Re T (Abduction: Rights of Custody) (2008)

[2008] 2 FLR 1794; [2008] EWHC 809 (Fam)



Henry Setright KC
Private: Marcus Scott-Manderson QC
Private: Hassan Khan
Rebecca Foulkes


Family Division

Practice Areas

International Children Law


The Legal Services Commission was invited to reconsider its opinion that an issue directed by an English court to be decided by a foreign court pursuant to the Hague Convention on the Civil Aspects of International Child Abduction 1980 art.15 constituted “foreign proceedings” within the meaning of Access to Justice Act 1999 s.19.


In an application under the Child Abduction and Custody Act 1985 the court was required to determine as a preliminary issue whether, in determining whether or not the applicant father (F) rights of custody, the mechanism under the Hague Convention on the Civil Aspects of International Child Abduction 1980 art.15 was to be adopted. The respondent mother (M) had brought the child (T) to the United Kingdom from Oregon, USA. F asserted that that had been done without his knowledge or consent and sought T’s return. M opposed the application on a number of grounds, asserting that F had no rights of custody that had been breached. Whether or not F had such rights depended on an interpretation of the law of Oregon, and the question was whether the issue should be determined by the English judge or, pursuant to art.15 of the Convention, by the authorities in Oregon. Experts instructed by M and F disagreed about whether F had custody rights, but were of the opinion that the matter was finely balanced. There were no relevant Oregon judicial decisions, so the point would be a novel one if dealt with in that jurisdiction.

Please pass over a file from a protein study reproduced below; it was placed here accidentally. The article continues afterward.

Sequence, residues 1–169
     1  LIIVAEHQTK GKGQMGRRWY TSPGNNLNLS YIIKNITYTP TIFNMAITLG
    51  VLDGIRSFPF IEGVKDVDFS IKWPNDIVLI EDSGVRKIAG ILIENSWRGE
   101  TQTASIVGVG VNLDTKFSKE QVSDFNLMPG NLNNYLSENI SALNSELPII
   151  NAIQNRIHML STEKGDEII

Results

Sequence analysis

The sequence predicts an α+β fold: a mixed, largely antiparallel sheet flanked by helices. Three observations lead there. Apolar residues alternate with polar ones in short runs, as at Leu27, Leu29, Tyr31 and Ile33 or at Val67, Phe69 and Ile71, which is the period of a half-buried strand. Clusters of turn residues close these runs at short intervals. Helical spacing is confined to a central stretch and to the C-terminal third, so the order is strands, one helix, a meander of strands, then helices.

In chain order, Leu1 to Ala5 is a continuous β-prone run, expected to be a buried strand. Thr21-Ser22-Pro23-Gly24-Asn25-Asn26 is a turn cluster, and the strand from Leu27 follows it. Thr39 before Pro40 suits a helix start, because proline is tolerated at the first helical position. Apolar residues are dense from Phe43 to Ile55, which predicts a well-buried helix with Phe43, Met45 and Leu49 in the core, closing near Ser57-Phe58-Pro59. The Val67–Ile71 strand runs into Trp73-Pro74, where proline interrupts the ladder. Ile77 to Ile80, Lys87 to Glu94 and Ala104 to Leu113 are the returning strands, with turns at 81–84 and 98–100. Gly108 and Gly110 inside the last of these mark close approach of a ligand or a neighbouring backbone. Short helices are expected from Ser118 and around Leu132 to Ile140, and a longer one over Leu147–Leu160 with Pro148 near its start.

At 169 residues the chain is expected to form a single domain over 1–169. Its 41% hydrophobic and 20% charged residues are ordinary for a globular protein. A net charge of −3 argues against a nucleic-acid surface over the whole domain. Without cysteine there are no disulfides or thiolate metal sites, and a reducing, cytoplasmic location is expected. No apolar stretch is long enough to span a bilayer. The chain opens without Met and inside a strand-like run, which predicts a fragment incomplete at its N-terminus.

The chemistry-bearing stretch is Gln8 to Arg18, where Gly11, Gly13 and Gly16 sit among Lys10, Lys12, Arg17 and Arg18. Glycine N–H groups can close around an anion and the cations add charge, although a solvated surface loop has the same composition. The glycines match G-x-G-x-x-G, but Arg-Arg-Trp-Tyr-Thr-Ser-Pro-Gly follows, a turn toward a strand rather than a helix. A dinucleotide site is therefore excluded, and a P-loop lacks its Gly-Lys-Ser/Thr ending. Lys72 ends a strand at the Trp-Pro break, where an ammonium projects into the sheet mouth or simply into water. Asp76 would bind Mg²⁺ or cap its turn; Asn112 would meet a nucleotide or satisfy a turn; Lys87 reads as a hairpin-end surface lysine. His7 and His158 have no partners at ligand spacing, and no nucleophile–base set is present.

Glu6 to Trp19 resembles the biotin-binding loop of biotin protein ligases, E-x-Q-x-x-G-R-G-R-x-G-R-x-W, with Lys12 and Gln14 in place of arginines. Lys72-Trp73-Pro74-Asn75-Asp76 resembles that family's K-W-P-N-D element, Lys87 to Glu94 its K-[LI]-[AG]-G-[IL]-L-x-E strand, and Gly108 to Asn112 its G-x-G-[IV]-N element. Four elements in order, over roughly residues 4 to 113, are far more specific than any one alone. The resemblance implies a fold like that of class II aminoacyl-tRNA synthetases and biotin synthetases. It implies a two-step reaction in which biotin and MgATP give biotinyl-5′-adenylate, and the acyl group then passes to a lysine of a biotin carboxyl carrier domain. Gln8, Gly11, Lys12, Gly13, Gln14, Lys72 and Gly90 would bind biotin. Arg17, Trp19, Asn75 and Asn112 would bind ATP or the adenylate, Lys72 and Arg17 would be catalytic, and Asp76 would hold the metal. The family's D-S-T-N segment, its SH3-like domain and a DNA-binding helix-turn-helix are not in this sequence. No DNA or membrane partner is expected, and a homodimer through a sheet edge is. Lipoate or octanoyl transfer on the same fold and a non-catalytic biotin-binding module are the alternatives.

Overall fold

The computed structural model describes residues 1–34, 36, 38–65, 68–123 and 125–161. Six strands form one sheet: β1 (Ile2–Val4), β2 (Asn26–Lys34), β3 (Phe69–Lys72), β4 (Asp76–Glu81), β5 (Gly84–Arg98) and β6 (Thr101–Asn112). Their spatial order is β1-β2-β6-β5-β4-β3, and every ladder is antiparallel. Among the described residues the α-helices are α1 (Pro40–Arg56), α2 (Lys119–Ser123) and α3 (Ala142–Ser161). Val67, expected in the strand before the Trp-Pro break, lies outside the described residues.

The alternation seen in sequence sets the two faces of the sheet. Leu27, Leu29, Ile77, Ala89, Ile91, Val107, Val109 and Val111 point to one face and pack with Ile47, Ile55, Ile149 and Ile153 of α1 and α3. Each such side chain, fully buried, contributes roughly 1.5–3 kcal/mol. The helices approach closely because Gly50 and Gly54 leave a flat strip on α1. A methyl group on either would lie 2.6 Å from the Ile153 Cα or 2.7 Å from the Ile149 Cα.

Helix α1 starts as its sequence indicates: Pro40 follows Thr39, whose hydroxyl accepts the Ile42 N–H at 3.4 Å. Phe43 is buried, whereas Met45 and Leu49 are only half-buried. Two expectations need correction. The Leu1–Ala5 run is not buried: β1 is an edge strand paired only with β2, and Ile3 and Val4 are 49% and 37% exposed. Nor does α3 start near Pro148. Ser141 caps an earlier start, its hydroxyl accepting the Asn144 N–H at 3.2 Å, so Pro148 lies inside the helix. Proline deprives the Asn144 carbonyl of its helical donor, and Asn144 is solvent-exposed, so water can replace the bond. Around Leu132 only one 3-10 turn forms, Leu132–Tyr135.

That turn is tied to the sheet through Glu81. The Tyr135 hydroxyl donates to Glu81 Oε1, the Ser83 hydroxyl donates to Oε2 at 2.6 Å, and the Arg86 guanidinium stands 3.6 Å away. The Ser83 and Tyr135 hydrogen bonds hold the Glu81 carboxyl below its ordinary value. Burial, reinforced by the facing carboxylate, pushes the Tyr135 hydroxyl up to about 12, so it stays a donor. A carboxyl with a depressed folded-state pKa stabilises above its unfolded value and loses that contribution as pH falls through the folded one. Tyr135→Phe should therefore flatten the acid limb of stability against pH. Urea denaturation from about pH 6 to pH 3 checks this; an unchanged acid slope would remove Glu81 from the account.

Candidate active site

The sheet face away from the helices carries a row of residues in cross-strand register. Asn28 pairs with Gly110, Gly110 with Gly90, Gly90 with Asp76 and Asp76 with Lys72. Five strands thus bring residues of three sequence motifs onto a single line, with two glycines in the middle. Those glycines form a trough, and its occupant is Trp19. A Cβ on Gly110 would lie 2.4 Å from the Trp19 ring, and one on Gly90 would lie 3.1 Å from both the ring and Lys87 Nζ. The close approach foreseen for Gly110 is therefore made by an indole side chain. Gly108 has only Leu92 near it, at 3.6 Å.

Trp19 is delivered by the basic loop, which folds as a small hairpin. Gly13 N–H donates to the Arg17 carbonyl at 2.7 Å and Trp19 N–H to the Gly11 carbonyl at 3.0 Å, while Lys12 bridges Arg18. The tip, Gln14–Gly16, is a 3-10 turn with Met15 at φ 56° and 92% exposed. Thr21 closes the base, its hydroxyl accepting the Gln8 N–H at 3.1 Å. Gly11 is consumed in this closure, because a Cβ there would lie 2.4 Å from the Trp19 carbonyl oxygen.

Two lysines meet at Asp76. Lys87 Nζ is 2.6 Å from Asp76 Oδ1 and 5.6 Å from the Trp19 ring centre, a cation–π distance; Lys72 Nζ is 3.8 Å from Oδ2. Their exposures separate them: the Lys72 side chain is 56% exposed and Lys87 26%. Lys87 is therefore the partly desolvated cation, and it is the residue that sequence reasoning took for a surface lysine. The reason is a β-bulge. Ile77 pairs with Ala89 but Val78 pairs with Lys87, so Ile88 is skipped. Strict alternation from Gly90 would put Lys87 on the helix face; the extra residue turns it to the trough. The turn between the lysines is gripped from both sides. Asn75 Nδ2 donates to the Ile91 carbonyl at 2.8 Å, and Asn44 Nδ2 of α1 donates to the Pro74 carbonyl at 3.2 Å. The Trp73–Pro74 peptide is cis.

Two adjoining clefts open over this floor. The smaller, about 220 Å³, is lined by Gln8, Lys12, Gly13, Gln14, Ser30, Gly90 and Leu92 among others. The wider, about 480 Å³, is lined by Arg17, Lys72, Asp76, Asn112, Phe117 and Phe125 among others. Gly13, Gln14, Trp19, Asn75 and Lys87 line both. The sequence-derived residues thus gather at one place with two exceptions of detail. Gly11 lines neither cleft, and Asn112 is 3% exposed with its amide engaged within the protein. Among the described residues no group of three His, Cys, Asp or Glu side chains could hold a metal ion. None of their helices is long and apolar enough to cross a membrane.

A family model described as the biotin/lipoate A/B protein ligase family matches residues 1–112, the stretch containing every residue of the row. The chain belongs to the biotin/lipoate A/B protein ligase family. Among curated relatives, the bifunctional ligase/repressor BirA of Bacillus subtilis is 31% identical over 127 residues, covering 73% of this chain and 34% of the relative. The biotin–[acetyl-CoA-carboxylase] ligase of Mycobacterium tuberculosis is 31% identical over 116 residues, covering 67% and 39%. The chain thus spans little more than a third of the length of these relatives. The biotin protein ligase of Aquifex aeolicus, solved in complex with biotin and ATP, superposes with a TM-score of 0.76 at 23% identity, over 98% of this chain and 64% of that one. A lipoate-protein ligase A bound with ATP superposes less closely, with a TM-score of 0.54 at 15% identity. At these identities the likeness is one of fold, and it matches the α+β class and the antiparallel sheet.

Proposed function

HELD: (1) There was no doubt that the matter was one that was apt for the Oregon judge. The point was a novel one and the court was reluctant to trespass into the area of making determinations of foreign law unless it was unavoidable. In Hague Convention cases it was peculiarly important that issues like rights of custody should be very clearly settled by the foreign law, either directly or by reference to statute, other written material, or to the foreign court’s previous decisions. It would be invidious for the English court to trespass into that area unless it was unavoidable. (2) The order was made conditional on M being fully represented in the Oregon court. The Legal Service Commission took the view that, pursuant to the Access to Justice Act 1999 s.19, it did not have to fund M’s representation in Oregon because the proceedings were foreign proceedings. However, the proceedings before the English court were proceedings under the Hague Convention and necessarily art.15 could call for issues to be determined abroad. A decision that was not made inter partes would be given little weight by the English court and it would be strange, and would render art.15 useless, if a vital issue such as the instant one could not properly be determined because one party was not able to be represented before the foreign court. The Commission was invited to reconsider the proper interpretation of s.19 of the 1999 Act at the highest level.

Judgment accordingly


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